Men of age
object too much, consult too long, adventure too little, repent too soon, and seldom drive business home to the full period, but content themselves with a mediocrity of success.
In considering this view of classification, it should be borne in mind that the element of descent has been universally used in ranking together the sexes, ages
, and acknowledged varieties of the same species, however different they may be in structure.
"These STRULDBRUGS and I would mutually communicate our observations and memorials, through the course of time; remark the several gradations by which corruption steals into the world, and oppose it in every step, by giving perpetual warning and instruction to mankind; which, added to the strong influence of our own example, would probably prevent that continual degeneracy of human nature so justly complained of in all ages
For it is thus that people have been in the habit of proceeding with the marvellous churches of the Middle Ages
for the last two hundred years.
'I know that you are interested and that you believe, and I know that the world, too, is interested, though they will not believe for many years; yes, for many ages
, since they cannot understand.
I saw no signs of extreme age
among them, nor is there any appreciable difference in their appearance from the age
of maturity, about forty, until, at about the age
of one thousand years, they go voluntarily upon their last strange pilgrimage down the river Iss, which leads no living Martian knows whither and from whose bosom no Martian has ever returned, or would be allowed to live did he return after once embarking upon its cold, dark waters.
Of the century and a half, from 1350 to 1500, which forms our third period, the most important part for literature was the first fifty years, which constitutes the age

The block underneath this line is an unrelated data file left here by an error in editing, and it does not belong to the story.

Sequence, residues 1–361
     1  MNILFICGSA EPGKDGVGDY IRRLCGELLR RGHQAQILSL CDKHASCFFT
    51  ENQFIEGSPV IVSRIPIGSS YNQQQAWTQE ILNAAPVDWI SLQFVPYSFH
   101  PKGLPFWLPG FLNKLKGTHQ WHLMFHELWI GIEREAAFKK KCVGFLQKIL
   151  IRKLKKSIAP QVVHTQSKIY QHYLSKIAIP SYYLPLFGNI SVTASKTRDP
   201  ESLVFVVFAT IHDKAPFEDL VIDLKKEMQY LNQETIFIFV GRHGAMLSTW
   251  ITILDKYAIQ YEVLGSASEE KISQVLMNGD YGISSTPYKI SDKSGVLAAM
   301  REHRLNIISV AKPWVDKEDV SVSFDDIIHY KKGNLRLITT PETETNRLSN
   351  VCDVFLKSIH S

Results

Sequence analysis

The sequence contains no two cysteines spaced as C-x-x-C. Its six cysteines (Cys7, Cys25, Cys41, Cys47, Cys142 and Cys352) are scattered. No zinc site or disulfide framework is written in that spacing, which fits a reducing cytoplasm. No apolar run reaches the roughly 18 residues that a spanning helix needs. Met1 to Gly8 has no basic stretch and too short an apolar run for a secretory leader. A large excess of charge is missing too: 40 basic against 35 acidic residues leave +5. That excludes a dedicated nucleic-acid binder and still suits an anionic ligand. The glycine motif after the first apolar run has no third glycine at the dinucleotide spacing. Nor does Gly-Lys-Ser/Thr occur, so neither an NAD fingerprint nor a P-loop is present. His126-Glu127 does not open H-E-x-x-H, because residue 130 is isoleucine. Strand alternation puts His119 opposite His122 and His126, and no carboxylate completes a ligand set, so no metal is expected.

And there are compositions of the same strain to be found in the books of all ages
. What is Guido's Rospigliosi Aurora but a morning thought, as the horses in it are only a morning cloud.
At her age
she naturally shrank from revisiting the home scenes now occupied by the strangers to whom our house had been let.
And this is a question which I should like to ask of you who have arrived at that time which the poets call the `threshold of old age
'--Is life harder towards the end, or what report do you give of it?
Elizabethan prose, all too chaotic in the beauty and force which overflowed into it from Elizabethan poetry, and incorrect with an incorrectness which leaves it scarcely legitimate prose at all: then, in reaction against that, the correctness of Dryden, and his followers through the eighteenth century, determining the standard of a prose in the proper sense, not inferior to the prose of the Augustan age
in Latin, or of the "great age
in France": and, again in reaction against this, the wild mixture of poetry and prose, in our wild nineteenth century, under the influence of such writers as Dickens and Carlyle: such are the three periods into which the story of our prose literature divides itself.
It may be that he swept back into the past, and fell among the blood-drinking, hairy savages of the Age
of Unpolished Stone; into the abysses of the Cretaceous Sea; or among the grotesque saurians, the huge reptilian brutes of the Jurassic times.